• Inhibition of miR-1247 on cell proliferation and invasion in bladder cancer through its downstream target of RAB36


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      Recently, microRNA-1247 (miR-1247) has been reported to function as tumour suppressor in several cancer types,including pancreatic cancer, hepatocellular cancer and lung cancer. However, the biological function of miR-1247 inbladder cancer and the underlying mechanisms have remained largely uncovered. In this study, the expression of miR-1247was significantly downregulated, while RAB36 protein was remarkably upregulated in bladder cancer tissues and cell linescompared with that in paired adjacent normal tissues or normal cell line (SU-HUC-1). The function of miR-1247 andRAB36 in the cell viability, proliferation and invasion of bladder cancer cells (T24 and J82) was assessed by CCK-8,colony formation and Transwell assay, respectively. Gain of function studies showed that upregulation of miR-1247significantly inhibited cell proliferation and invasion capacity of bladder cancer cells. Consistently, downregulation ofRAB36 mimicked the suppressive effects of miR-1247 overexpression in bladder cancer cells. Importantly, miR-1247 wasconfirmed to target the 30untranslated region (UTR) of RAB36 and downregulated its expression using luciferase reporterassay and Western blot assays. In conclusion, these results provide the first clues regarding the role of miR-1247 might be apotential therapeutic agent and diagnostic marker of bladder cancer by inhibiting RAB36 expression.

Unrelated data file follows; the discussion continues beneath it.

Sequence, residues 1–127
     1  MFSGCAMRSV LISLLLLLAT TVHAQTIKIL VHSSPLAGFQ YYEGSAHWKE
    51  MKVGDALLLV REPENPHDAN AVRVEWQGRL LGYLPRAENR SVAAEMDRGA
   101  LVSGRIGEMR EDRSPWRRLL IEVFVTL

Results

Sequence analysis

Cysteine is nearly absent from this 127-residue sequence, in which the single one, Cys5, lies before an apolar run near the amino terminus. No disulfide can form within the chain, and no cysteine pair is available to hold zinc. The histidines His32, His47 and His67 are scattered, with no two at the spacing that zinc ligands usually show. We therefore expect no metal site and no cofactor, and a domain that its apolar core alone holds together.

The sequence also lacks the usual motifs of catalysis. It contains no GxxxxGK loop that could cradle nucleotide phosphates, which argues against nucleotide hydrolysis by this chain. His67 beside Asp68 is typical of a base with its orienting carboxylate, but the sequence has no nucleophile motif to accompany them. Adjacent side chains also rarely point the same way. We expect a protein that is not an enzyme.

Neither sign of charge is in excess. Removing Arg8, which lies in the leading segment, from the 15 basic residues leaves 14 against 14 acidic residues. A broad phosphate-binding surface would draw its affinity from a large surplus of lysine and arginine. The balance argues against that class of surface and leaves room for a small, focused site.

• Spiral waves and vertebrate embryonic handedness


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      During early embryonic development, the vertebrate main body axis is segmented from head-to-tail into somites. Somitesemerge sequentially from the presomitic mesoderm (PSM) as a consequence of oscillatory waves of genetic activity, calledsomitogenesis waves. Here, we discuss the implications of the dynamic patterns of early X-Delta-2 expression in theprospective somites (somitomeres) of Xenopus laevis. We report that right somitomeres normally emerge before left to formchiral structures (i.e. structures having clockwise or counter-clockwise handedness). From our observations, we infer thatsomitogenesis waves are normally counter-clockwise spirals, a novel dynamic mechanism for the control of handednessdevelopment in Xenopus. We propose that the same mechanism could control handedness development in all vertebrateembryos, providing a dynamical basis for the current asymmetric molecular transport model for generating left–rightasymmetry.